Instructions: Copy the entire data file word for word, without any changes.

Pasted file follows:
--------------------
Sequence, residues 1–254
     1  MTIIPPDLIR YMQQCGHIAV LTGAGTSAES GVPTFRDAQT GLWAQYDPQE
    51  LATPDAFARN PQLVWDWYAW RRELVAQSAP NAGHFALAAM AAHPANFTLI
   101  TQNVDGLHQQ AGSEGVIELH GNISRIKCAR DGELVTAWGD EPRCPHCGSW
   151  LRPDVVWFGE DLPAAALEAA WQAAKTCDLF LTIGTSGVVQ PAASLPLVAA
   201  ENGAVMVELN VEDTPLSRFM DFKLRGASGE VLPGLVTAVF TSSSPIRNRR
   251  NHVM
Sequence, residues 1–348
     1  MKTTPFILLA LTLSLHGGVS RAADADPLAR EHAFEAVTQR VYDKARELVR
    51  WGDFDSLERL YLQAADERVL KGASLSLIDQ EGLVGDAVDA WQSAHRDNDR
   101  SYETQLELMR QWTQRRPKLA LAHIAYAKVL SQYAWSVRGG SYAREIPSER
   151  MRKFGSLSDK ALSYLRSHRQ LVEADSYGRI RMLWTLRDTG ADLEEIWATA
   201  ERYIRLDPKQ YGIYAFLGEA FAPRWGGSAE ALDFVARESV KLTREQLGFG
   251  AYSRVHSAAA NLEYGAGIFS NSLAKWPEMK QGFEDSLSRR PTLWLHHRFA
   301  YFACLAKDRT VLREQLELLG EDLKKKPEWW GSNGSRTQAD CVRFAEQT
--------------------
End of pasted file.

Sequence, residues 1–254
     1  MTIIPPDLIR YMQQCGHIAV LTGAGTSAES GVPTFRDAQT GLWAQYDPQE
    51  LATPDAFARN PQLVWDWYAW RRELVAQSAP NAGHFALAAM AAHPANFTLI
   101  TQNVDGLHQQ AGSEGVIELH GNISRIKCAR DGELVTAWGD EPRCPHCGSW
   151  LRPDVVWFGE DLPAAALEAA WQAAKTCDLF LTIGTSGVVQ PAASLPLVAA
   201  ENGAVMVELN VEDTPLSRFM DFKLRGASGE VLPGLVTAVF TSSSPIRNRR
   251  NHVM
Sequence, residues 1–348
     1  MKTTPFILLA LTLSLHGGVS RAADADPLAR EHAFEAVTQR VYDKARELVR
    51  WGDFDSLERL YLQAADERVL KGASLSLIDQ EGLVGDAVDA WQSAHRDNDR
   101  SYETQLELMR QWTQRRPKLA LAHIAYAKVL SQYAWSVRGG SYAREIPSER
   151  MRKFGSLSDK ALSYLRSHRQ LVEADSYGRI RMLWTLRDTG ADLEEIWATA
   201  ERYIRLDPKQ YGIYAFLGEA FAPRWGGSAE ALDFVARESV KLTREQLGFG
   251  AYSRVHSAAA NLEYGAGIFS NSLAKWPEMK QGFEDSLSRR PTLWLHHRFA
   301  YFACLAKDRT VLREQLELLG EDLKKKPEWW GSNGSRTQAD CVRFAEQT